A one-hour PBS documentary, “The Lord is Not on Trial Here Today,” tells the compelling story of the landmark First Amendment case that established the separation of church and state in public schools. The film recounts what plaintiff Vashti McCollum later described as “three years of headlines, headaches and hatred,” but eventually led to a decision that still resonates in the church-state conflicts of today, more than 60 years after McCollum v. Board of Education was decided.
Written, produced and directed by Jay Rosenstein, the Peabody Award-winning documentary is narrated by former “M*A*S*H” TV star David Ogden Stiers. Check your local station for exact date and time of the May PBS broadcast in your area. If it is not in the lineup, ask your station to schedule it. It’s available for purchase by educational institutions from New Day Films (website below).
“When U.S. Senate candidate Christine O’Donnell expressed her confusion about separation of church and state in a debate during the 2010 election, the video of it quickly went viral,” Rosenstein said. “But O’Donnell is not alone: Many Americans have no idea about the source and legitimacy of the phrase ‘separation of church and state.’ ”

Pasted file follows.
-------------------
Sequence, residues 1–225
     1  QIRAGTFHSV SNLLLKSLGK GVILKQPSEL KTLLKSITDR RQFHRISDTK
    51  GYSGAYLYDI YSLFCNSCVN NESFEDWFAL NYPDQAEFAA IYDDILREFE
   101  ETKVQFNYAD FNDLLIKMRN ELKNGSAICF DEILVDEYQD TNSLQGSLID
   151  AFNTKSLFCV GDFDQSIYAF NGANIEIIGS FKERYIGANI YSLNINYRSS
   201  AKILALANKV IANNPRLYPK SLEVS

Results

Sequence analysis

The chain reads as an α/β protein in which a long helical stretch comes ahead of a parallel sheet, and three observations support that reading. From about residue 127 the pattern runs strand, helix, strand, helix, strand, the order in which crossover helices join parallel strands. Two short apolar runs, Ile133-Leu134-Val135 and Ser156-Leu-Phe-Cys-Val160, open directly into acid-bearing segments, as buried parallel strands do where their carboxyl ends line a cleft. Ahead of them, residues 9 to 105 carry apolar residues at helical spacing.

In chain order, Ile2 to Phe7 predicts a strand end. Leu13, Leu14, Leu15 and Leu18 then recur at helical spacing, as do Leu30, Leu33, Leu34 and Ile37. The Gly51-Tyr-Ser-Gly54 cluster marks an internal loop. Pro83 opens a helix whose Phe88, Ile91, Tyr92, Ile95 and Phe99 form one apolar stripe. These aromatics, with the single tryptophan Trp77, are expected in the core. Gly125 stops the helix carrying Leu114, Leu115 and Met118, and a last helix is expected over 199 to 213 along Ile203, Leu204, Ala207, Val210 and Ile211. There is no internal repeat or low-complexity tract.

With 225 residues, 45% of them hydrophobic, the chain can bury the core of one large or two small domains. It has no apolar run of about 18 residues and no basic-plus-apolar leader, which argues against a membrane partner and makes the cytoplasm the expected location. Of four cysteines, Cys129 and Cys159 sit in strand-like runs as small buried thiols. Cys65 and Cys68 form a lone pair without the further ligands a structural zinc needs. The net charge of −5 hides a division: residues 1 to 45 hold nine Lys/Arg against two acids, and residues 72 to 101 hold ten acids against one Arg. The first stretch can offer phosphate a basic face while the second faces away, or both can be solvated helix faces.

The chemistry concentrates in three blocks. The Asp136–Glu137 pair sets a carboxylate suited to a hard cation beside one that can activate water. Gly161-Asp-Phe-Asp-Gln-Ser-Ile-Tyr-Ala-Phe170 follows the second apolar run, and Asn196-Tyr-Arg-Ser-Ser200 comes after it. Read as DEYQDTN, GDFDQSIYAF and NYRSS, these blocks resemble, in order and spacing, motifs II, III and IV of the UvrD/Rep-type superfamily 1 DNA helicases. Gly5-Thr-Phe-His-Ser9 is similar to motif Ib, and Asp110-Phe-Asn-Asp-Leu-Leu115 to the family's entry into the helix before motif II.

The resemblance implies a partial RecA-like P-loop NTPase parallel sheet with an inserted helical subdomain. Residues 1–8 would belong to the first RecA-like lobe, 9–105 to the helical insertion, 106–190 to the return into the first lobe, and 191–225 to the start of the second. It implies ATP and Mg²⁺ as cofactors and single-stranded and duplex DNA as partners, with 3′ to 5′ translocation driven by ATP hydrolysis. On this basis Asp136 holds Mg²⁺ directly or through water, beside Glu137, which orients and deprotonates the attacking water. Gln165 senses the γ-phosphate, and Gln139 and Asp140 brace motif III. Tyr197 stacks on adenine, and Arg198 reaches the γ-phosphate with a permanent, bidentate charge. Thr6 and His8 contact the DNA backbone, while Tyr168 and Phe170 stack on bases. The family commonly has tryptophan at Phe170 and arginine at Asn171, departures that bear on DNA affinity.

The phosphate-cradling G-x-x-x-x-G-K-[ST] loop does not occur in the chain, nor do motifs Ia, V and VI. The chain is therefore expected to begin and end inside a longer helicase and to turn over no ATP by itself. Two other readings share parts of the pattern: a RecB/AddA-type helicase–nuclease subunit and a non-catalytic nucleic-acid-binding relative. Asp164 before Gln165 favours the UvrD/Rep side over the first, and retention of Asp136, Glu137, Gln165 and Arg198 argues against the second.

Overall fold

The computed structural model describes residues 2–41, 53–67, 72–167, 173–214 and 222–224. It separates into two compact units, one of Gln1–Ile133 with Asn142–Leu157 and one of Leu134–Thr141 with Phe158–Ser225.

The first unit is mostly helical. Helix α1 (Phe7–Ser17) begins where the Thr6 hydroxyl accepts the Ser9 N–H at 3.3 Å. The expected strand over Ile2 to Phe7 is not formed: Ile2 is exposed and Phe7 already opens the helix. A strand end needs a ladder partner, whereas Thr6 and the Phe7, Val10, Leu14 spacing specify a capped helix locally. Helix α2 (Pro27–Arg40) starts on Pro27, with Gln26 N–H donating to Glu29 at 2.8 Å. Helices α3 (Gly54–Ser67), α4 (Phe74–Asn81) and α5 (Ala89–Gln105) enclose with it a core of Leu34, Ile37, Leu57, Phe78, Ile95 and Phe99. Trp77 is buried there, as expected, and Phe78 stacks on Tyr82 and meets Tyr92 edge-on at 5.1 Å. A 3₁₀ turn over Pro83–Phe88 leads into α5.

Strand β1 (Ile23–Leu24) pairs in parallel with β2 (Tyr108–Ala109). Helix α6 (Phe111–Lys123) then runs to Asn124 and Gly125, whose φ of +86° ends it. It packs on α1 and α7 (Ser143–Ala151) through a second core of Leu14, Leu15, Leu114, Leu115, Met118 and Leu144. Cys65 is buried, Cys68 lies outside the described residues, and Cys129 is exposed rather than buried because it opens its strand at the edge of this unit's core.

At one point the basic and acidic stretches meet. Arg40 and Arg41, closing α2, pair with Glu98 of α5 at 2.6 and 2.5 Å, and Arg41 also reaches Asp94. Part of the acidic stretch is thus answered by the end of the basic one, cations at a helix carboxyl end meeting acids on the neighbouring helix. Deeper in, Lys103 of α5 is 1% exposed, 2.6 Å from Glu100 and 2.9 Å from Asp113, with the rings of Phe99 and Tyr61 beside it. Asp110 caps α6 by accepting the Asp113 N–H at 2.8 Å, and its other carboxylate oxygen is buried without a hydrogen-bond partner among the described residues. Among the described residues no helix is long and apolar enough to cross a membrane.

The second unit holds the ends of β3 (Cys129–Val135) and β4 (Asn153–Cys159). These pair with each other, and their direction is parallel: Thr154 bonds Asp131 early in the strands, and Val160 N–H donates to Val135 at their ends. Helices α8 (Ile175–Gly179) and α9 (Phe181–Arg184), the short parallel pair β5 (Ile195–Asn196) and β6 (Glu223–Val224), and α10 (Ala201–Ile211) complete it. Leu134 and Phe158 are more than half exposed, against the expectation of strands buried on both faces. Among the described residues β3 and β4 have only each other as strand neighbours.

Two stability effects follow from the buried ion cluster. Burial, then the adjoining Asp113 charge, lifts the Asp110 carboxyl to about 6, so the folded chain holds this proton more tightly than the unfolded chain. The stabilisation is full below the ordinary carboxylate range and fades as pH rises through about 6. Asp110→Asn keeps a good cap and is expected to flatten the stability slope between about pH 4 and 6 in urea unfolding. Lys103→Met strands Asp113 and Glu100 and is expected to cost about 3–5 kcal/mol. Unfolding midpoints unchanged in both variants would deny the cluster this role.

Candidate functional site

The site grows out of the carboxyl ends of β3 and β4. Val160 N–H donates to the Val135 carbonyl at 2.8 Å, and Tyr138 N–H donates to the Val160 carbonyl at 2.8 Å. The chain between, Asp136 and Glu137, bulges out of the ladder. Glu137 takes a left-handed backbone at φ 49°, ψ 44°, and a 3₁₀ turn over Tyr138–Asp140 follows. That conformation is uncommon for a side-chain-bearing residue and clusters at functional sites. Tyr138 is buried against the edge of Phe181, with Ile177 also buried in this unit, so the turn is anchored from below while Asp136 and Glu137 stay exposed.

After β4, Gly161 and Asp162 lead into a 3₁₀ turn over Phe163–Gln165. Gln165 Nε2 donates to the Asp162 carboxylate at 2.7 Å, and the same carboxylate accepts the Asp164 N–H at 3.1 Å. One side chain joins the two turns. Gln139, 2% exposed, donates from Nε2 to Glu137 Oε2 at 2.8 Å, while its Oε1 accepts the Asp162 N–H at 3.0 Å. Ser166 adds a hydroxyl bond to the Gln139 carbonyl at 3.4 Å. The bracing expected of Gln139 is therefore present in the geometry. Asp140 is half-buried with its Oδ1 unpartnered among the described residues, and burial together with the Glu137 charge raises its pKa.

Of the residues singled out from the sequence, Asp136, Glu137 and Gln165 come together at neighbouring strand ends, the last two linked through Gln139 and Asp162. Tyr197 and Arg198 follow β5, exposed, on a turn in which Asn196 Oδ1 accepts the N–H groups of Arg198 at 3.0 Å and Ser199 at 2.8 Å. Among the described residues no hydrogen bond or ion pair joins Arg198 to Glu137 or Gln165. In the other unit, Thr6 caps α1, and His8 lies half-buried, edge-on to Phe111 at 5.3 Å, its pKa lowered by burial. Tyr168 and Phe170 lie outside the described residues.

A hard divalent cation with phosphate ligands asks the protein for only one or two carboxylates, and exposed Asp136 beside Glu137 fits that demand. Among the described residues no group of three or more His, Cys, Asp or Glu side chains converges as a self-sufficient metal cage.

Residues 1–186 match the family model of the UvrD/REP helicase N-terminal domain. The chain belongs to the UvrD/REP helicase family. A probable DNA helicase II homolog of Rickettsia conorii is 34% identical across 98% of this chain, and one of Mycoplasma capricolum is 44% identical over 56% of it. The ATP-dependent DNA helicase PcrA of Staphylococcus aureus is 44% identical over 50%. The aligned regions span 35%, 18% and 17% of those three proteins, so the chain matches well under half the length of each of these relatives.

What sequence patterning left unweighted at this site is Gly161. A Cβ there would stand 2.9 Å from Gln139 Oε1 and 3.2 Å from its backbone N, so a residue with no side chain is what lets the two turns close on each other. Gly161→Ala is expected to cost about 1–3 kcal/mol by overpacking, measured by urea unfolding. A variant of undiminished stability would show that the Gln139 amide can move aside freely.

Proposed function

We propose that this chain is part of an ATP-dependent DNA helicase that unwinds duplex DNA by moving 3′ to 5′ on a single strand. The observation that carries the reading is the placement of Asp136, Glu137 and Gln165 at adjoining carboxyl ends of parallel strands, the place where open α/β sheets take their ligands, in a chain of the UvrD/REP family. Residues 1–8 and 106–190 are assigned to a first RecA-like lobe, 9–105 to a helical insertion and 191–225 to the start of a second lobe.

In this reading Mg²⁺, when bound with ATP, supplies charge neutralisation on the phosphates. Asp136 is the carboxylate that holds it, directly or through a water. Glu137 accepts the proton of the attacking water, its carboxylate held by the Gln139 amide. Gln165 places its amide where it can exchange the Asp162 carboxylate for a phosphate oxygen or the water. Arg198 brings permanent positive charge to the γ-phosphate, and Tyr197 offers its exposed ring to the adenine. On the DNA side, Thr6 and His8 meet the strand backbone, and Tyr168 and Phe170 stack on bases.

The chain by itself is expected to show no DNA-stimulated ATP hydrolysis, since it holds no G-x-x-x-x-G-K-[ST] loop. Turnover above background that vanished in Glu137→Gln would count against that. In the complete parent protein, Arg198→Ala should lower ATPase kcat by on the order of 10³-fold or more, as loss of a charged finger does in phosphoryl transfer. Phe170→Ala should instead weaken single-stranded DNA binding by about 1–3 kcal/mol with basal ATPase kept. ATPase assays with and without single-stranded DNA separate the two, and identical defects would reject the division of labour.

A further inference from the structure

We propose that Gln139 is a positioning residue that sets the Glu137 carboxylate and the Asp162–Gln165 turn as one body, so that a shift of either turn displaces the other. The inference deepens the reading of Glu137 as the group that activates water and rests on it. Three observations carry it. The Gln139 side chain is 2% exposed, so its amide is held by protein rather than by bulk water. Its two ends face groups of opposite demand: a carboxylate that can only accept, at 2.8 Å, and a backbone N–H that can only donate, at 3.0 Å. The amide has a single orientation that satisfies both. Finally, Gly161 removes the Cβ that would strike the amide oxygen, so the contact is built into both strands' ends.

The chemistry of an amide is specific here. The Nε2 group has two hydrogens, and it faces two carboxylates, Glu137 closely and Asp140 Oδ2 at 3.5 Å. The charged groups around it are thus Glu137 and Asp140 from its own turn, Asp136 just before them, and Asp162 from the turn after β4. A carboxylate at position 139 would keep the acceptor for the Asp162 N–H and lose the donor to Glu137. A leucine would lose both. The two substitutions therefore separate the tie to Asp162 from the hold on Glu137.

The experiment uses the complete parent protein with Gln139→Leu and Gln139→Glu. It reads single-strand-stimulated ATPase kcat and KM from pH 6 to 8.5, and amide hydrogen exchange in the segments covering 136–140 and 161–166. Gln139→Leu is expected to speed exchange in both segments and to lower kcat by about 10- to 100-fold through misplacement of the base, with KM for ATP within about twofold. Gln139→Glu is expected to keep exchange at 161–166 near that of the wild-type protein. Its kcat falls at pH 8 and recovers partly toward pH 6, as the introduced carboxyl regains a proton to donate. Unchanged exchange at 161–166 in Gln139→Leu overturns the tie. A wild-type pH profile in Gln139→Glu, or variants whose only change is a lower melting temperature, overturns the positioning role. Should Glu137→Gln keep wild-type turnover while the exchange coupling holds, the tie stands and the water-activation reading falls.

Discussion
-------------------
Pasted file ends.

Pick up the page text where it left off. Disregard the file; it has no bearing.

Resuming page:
The late Vashi McCollum was an honorary FFRF officer and appeared several times at FFRF conventions. The Foundation has kept in print her classic book, One Woman’s Fight, about winning the 1948 Supreme Court case. FFRF also interviewed her for its film, “Champions of the First Amendment.” Her son, Dannel McCollum, has published The Lord Was Not on Trial: The Inside Story. FFRF distributed more than 400 copies of Dan’s book to Illinois public and public school libraries and to law libraries around the nation.
Vashti, a young mother of three from a small central Illinois town, was called “that awful woman” by her neighbors and “that atheist mother” by newspapers across the country.
Her friends stopped returning phone calls rather than risk speaking with her. She was branded a communist, and the Illinois Legislature nearly outlawed her and her husband from ever working at the state university again. She got as many as 200 letters a day. Some of the writers claimed they would pray for her; many others wished her much worse.
All because, in 1945, she filed a historic lawsuit that forever changed the relationship between religion and public schools in America.